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Understanding the Girl Effect

A recent opinion piece in The Guardian questions the contributions that girls and young women can make to economies when they delay childbirth.  The author fails to understand the complexity of the “Girl Effect.”

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Progress on Health at G8 Doesn’t Make the Grade

A report card on progress made on health at the G8 Summit gave poor marks to the world’s most powerful leaders and maternal health may be faring the worst of all.

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Maternal and Child Health Makes Strides at G8

Maternal health advocates made more progress than expected at the G8 Summit, gaining critical support from UN Secretary General Ban Ki-moon, host country Japan, and UK’s First Lady Sarah Brown.

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Maternal, Child and Reproductive Health: G8 Heats Up

The wives of the prime ministers of the UK and Japan have shown strong support for maternal and child health at the G8 Summit.

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The G8 Takes on Maternal Health — Or Does It?

Will the nations gathered at the G8 summit realize that investing in women’s health is the best way to fight poverty?

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Maternal Health: Moving Forward or Backward?

The latest numbers show the United States is becoming more, not less, dangerous for women who give birth here. Why is the maternal mortality rate increasing and what can we do about it? Women Deliver aims to find an answer.

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Saving Afghan Women: The Unseen Victims

Women in Afghanistan who decide to become mothers are the invisible victims of war. The maternal mortality rate in Afghanistan is the worst in the world, tied with Sierra Leone,but stories about health conditions there fail to mention this.

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Why Women Deliver? Why Now?

Women Deliver marks the 20th anniversary of the launch of the global Safe Motherhood Initiative. Its research led to impressive gains in many places, but there is still much more to be done to reduce maternal and newborn deaths.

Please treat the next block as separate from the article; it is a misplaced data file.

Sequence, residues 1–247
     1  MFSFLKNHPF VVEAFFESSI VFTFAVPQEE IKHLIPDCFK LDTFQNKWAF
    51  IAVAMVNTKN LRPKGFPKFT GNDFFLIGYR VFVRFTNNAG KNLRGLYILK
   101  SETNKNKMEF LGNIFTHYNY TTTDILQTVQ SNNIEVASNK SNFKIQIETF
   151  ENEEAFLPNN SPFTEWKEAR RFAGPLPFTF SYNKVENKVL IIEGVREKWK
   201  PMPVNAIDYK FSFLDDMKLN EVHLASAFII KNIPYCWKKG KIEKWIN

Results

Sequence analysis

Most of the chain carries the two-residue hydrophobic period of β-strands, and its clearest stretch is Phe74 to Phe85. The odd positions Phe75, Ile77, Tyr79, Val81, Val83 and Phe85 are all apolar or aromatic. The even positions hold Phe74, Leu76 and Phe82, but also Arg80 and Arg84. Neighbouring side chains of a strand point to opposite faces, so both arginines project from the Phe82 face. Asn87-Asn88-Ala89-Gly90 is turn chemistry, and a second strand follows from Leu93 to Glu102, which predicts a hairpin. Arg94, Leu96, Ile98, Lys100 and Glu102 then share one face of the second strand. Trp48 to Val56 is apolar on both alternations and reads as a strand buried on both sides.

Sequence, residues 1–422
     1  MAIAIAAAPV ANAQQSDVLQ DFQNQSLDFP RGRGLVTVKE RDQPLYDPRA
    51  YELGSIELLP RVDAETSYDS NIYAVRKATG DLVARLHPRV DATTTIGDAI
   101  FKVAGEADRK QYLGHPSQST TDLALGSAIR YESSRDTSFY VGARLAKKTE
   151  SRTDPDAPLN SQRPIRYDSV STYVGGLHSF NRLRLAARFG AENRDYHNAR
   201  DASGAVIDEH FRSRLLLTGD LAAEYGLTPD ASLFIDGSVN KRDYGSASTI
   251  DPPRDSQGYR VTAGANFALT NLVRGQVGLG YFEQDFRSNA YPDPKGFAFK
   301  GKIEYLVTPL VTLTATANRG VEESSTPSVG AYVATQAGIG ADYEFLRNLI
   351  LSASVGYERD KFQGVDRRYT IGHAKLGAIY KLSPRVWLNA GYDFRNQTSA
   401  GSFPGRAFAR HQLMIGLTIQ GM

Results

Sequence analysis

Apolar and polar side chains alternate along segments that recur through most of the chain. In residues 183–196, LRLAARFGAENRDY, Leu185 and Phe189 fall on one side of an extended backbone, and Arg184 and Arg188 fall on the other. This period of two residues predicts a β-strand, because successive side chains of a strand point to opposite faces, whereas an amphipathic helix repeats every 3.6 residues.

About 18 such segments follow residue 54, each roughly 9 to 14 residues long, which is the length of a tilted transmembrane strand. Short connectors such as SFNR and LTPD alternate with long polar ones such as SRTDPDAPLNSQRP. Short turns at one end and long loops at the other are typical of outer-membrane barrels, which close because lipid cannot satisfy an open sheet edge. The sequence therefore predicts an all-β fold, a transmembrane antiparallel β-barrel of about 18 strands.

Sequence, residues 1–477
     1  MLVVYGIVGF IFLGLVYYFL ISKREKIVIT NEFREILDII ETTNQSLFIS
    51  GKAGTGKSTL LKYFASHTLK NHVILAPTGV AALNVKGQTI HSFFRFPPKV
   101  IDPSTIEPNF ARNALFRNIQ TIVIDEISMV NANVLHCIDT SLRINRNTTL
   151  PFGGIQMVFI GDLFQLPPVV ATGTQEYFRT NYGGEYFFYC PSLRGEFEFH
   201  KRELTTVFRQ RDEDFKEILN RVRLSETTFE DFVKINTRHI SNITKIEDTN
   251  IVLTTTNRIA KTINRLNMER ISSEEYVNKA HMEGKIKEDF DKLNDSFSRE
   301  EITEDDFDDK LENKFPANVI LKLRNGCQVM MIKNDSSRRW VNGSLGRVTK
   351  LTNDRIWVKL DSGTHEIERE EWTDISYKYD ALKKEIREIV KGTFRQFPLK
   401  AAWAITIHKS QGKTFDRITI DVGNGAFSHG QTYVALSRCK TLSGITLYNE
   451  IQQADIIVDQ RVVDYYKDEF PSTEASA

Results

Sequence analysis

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Global Commitment to Safe Motherhood

Mother's Day is bittersweet for those of us who work in maternal health; pregnancy is still terribly dangerous for women around the world.

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Midwives to the Rescue: Reducing Maternal Mortality

Jill Sheffield is the Founder and President of Family Care International (FCI).

I just returned from Malaysia, where I attended the International Federation of Obstetrics and Gynecology (FIGO) triennial congress. I traveled with some of my colleagues from Family Care International (FCI) to present results from the final evaluation of FCI's Skilled Care Initiative, a three-country project to increase the proportion of women who deliver with a "skilled attendant" – a trained and properly supported health care provider – in rural Africa. I'll be writing more about this initiative in my next posting.

In Kuala Lumpur, thousands of obstetricians and gynecologists gathered to share data from new studies, learn about new surgical techniques, and vote on their leadership. Among so many dedicated doctors who have made a lifelong commitment to promoting the latest and greatest in women's health, one could be lulled into thinking that women's health must be in good shape.

Sadly, over the past 20 years, maternal mortality rates have barely budged in much of the world. In some African countries, as many as one in 10 women will die of a pregnancy-related cause. Nicholas Kristoff's two columns in the New York Times (published in September) about the death of Prudence Lemokouno described the factors that contribute to maternal mortality. Ms. Lemokouno had a pregnancy complication which could have easily been dealt with had she received prompt obstetrical care, and when she and her family sought care, they encountered a range of barriers – financial, geographic, and cultural – that resulted in unacceptable delays, poor service, and ultimately, her death.

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